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Sunday, August 18, 2013
Commentaries by Barbara Skinner (“School board vote on orientation challenged,” July 7), Elijah Grossman (“A welcoming workplace for everyone,” July 14) and Joe Ivers (“Defending against discrimination,” Aug. 4) demand clarification of the legal and social ramifications of expanding classes covered by the county antidiscrimination statement to include sexual orientation and gender identity.
Two U.S. laws govern most discrimination based on sex, the basis for many (but not all) legal claims concerning workplace and school-based discrimination having to do with sexual orientation and/or transgender individuals. Title VII of the 1964 Civil Rights Act forbids discrimination based on race, color, sex, religion and national origin. Title IX of the Education Amendments of 1972 prohibits discrimination based on sex for any education program that receives federal funds.
The U.S. Equal Employment Opportunity Commission defines sex discrimination as follows: “Sex discrimination involves treating someone (an applicant or employee) unfavorably because of that person’s sex. Sex discrimination also can involve treating someone less favorably because of his or her connection with an organization or group that is generally associated with people of a certain sex.” The EEOC says, “Discrimination against an individual because that person is transgender is discrimination because of sex in violation of Title VII. . . . In addition, lesbian, gay, and bisexual individuals may bring sex discrimination claims.”
The Department of Education, which oversees Title IX, does not appear to have as extensive a definition of sex discrimination, so it is not clear if federal law protects transgender students under Title IX.
The EEOC website seems clear that discrimination against transgender people as a result of their transgender status is against Title VII. Thus, enumeration to include gender identity does not appear necessary to protect the rights of transgender individuals in Montgomery County or its schools, although perhaps better promotion and enforcement of existing law are to be encouraged.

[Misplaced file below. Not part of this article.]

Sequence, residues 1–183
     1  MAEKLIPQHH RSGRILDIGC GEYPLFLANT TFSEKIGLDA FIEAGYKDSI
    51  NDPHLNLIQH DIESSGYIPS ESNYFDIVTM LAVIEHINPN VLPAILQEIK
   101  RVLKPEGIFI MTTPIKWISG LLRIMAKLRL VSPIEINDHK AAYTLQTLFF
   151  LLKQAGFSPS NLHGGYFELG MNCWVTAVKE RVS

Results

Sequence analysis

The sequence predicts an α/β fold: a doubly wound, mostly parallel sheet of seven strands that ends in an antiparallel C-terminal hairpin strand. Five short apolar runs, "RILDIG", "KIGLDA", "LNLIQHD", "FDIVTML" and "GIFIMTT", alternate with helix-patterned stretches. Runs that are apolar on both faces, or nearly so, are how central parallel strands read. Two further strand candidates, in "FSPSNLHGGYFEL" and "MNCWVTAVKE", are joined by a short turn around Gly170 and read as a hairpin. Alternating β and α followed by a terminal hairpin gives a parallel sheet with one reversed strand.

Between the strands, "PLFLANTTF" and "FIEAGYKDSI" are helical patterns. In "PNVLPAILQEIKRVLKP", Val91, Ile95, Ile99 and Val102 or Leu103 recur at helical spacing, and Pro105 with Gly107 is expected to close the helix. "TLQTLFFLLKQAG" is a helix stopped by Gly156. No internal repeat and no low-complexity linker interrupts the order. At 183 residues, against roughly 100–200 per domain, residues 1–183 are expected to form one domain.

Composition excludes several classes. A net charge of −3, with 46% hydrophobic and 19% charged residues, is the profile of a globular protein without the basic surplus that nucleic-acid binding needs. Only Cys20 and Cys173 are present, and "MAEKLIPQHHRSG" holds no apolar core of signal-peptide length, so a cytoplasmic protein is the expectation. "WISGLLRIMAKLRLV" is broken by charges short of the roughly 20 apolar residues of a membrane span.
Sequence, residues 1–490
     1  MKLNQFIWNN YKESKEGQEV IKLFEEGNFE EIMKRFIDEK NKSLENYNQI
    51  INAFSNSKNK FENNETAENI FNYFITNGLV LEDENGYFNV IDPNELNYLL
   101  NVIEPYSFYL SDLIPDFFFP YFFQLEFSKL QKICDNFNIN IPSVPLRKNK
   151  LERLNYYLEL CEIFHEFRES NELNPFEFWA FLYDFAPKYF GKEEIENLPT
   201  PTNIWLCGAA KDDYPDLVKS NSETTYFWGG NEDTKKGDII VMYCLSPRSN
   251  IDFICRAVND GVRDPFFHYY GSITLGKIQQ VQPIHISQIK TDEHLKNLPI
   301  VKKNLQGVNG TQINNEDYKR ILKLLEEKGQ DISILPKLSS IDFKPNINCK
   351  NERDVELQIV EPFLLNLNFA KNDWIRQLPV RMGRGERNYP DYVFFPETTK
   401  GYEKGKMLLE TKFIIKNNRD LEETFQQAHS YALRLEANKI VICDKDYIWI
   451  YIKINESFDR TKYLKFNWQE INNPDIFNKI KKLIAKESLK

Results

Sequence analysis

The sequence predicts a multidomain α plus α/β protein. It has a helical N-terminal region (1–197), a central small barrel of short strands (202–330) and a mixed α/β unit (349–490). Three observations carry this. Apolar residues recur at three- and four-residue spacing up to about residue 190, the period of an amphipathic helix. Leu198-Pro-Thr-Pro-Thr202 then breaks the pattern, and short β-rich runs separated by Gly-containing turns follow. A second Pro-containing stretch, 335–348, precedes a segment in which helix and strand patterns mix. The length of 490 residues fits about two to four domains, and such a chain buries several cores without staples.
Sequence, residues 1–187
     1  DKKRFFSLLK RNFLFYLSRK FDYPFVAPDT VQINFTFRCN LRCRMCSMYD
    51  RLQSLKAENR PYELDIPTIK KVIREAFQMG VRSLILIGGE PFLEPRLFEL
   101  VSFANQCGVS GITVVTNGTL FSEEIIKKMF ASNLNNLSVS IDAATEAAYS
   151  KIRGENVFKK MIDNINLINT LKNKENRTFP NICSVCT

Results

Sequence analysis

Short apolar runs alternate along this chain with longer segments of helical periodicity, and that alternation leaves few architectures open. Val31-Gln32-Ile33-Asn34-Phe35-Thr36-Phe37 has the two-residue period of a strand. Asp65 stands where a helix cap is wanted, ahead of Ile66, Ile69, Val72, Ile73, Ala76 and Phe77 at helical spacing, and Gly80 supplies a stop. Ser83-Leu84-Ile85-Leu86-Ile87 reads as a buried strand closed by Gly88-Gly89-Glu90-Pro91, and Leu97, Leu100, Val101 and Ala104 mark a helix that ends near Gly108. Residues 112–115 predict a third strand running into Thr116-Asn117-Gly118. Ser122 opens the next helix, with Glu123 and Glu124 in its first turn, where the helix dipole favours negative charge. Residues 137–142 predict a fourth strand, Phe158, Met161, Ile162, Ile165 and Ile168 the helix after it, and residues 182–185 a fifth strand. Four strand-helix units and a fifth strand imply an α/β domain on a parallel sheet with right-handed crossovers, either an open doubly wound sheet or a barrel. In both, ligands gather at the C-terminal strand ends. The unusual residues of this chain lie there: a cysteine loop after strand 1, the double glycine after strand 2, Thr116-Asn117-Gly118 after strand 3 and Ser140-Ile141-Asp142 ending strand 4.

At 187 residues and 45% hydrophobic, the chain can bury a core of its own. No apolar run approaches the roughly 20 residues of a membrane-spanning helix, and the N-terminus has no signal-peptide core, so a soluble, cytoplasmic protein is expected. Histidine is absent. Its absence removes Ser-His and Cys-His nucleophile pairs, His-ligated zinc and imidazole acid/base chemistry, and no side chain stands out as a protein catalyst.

Whether sexual orientation is as robustly protected by existing sex discrimination law is less clear. The EEOC website defining sex discrimination does not discuss sexual orientation, which suggests it is not protected. Sexual orientation can be linked to sex stereotypes. Such stereotypes are not entirely a thing of the past, and some discrimination of lesbians and gay men continues to be based on them.
Discrimination based on sex stereotypes is covered by Title VII, but there is no protection for sexual orientation, at least not in the way discrimination against transgender individuals is defined on the EEOC website. While some forms of discrimination against lesbians and gay men might be covered by Title VII and Title IX, not all of them appear to be. As a result, it may be necessary to enumerate sexual orientation as a protected class in order to ensure that gay and lesbian students and employees are not discriminated against on the basis of their sexual orientation.
Skinner’s concerns that her child and others will be forced to accept nontraditional identities and that anatomical males will use girls’ locker rooms are not automatic consequences of the law. There have to be local decisions concerning how the county and school system accommodate individuals whose rights are (or should be) protected under the law.
The question is this: What forms of accommodation are appropriate, given that transgender persons’ rights are already protected by Title VII of the Civil Rights Act and given that the rights of gay and lesbian individuals are protected in part by that law? We may want to consider the Americans with Disabilities Act, which mandates reasonable accommodations for disabled citizens and outlaws discrimination against the disabled, as a model for how to protect a class of people and recognize their special needs.
Local officials and community members may feel enumeration is the best way to support individuals who have experienced maltreatment. Examination of existing laws is one way of determining which classes really need the extra protection that enumeration implies. More important are decisions made that are based on existing law and possible changes to nondiscrimination statements like the Montgomery County Equal Employment Opportunity Statement. Such decisions are social actions that will demonstrate how individuals whose rights are already protected by existing federal statutes will be accommodated as community members and shielded from discriminatory behavior.
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